Also available on Quilt Alliance website.

 

From the Quilt Alliance:

Running Stitch, A QSOS Podcast is hosted by Janneken Smucker, Professor of History at West Chester University. Join us as we explore quilt stories, revealing the inner thoughts, feelings, and motivations of contemporary quiltmakers by drawing from Quilters' S.O.S. — Save Our Stories, the long running oral history project created by the non-profit Quilt Alliance in 1999.

Quilts and quiltmaking serve as a lens to examine some of today’s most pressing issues, including activism, public health, politics, race, and the economy. We’ll dig into the QSOS archive to listen to excerpts from past interviews, and bring back interviewees to ask them about what they are working on and thinking about presently. Upcoming guests include Victoria Findlay Wolfe, Carolyn Mazloomi, Thomas Knauer, Melanie Testa, and Jinny Beyer.

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Alex is sharing your great ideas and answering quilting questions. If you have a question, write it in the comments or come chat at the LIVE event. LIVE happens June 26 @ 10am PST, 1pm EST, and 6pm London time.

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Michelle de Groot created the first rendition of Poppy Art as a tribute to her uncle who never came home from the war. This piece is a simplified version of that work that others can create on their own.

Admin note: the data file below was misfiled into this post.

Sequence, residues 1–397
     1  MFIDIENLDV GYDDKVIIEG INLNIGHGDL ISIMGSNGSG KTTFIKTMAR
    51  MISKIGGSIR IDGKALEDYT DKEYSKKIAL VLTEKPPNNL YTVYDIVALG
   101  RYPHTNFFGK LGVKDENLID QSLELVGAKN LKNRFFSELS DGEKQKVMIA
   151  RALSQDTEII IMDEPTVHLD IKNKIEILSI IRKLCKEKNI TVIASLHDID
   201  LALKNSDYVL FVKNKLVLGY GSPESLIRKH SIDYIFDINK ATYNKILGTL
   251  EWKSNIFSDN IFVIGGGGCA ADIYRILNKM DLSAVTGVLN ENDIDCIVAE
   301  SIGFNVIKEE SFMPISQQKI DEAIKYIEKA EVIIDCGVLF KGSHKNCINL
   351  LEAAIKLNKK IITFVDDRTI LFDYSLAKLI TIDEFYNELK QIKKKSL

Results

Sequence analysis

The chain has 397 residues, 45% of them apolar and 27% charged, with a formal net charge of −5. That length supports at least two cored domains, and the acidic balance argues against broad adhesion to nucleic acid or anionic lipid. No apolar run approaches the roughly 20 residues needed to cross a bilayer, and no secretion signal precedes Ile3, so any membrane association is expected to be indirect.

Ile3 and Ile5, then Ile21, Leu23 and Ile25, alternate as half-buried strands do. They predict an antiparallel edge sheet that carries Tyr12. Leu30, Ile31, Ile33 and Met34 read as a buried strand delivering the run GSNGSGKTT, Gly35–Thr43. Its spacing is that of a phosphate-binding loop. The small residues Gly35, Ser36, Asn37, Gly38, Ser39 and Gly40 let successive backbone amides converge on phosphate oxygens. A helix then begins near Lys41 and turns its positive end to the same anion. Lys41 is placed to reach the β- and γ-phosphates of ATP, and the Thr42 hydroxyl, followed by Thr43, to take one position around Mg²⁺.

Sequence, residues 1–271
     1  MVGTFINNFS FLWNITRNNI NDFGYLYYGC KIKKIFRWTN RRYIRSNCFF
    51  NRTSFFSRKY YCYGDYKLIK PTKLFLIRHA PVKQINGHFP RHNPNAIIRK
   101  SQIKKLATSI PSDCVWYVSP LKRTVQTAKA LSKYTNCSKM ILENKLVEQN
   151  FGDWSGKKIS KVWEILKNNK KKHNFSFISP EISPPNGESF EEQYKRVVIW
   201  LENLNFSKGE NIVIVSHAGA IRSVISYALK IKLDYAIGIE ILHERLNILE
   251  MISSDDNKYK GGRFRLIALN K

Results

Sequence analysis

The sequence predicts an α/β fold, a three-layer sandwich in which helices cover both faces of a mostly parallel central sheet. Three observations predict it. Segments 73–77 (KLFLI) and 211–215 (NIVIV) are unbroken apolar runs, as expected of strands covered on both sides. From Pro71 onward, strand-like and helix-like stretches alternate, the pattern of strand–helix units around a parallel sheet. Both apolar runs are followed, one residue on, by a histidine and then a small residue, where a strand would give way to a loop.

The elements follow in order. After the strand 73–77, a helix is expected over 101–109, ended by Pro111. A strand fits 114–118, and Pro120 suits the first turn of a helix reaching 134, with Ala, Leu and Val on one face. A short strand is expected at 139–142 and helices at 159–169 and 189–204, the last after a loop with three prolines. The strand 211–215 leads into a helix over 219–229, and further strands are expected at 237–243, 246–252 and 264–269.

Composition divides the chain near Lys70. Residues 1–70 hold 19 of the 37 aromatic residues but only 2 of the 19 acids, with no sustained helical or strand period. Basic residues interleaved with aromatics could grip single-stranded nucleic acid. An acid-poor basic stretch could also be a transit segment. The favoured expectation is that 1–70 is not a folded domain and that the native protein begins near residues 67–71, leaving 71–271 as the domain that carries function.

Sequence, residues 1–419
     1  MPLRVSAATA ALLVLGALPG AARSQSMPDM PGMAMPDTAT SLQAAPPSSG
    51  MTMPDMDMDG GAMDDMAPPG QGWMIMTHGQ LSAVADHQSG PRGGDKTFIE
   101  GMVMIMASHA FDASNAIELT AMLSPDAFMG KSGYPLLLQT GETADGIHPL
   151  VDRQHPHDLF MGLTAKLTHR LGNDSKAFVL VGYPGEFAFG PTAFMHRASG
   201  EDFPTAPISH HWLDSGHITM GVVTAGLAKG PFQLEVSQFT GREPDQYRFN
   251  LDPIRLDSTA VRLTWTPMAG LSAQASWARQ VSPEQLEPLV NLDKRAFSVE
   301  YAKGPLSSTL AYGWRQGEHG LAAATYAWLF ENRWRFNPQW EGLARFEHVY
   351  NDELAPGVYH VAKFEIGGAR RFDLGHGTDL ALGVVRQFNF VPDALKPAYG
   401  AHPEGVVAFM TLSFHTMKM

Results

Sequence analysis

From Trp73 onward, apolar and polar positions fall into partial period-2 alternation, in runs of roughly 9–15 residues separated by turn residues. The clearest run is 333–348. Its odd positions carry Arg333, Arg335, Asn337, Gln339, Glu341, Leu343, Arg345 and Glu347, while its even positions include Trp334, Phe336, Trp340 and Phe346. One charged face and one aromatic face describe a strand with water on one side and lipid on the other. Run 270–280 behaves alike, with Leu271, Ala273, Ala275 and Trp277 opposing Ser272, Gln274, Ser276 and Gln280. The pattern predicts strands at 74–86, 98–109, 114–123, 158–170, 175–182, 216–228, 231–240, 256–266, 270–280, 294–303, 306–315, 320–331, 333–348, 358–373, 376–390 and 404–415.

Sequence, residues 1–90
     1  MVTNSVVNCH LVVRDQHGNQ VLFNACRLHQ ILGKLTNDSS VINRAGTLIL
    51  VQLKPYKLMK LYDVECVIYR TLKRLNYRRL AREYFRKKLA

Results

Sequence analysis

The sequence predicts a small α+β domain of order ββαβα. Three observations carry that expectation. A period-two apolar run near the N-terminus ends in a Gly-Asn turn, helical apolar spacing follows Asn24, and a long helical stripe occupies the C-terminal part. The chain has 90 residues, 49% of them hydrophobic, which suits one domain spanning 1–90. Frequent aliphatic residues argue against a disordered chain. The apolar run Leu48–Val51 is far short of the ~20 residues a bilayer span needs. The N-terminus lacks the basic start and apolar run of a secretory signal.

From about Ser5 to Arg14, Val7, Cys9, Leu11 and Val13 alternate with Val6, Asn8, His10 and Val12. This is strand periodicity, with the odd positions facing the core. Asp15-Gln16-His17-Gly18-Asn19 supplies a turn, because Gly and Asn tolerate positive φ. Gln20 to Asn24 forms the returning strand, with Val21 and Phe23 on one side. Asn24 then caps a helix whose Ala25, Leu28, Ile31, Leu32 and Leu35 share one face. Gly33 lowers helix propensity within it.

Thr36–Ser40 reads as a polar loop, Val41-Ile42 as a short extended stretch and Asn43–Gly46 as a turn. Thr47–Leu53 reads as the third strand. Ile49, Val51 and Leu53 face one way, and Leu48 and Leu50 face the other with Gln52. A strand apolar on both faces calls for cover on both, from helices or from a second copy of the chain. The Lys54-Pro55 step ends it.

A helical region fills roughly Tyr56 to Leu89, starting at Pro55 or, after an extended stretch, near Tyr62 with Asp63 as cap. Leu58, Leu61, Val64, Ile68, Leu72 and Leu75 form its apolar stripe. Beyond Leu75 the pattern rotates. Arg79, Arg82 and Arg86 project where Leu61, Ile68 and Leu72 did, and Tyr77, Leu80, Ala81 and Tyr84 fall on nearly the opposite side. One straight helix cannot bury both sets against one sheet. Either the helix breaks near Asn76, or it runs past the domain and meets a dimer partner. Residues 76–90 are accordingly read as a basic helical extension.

Learn the whole story behind the quilt in Show 2613.

Original Photo: Mary Kay Davis

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We continue our selection of quilts exhibited in 2019 at the Houston International Quilt Festival as part of their 45th Anniversary, the Sapphire Anniversary. The Sapphire Celebration exhibit is described as:

"Quilters have long used the color blue to symbolize trust, loyalty, wisdom, confidence, intelligence, faith, truth, and heaven. Sapphire is also the chosen gem to celebrate 45th anniversaries—which International Quilt Festival is doing this year (2019)! These new and antique blue and white quilts will be suspended from the ceiling in a spectacular and unforgettable display."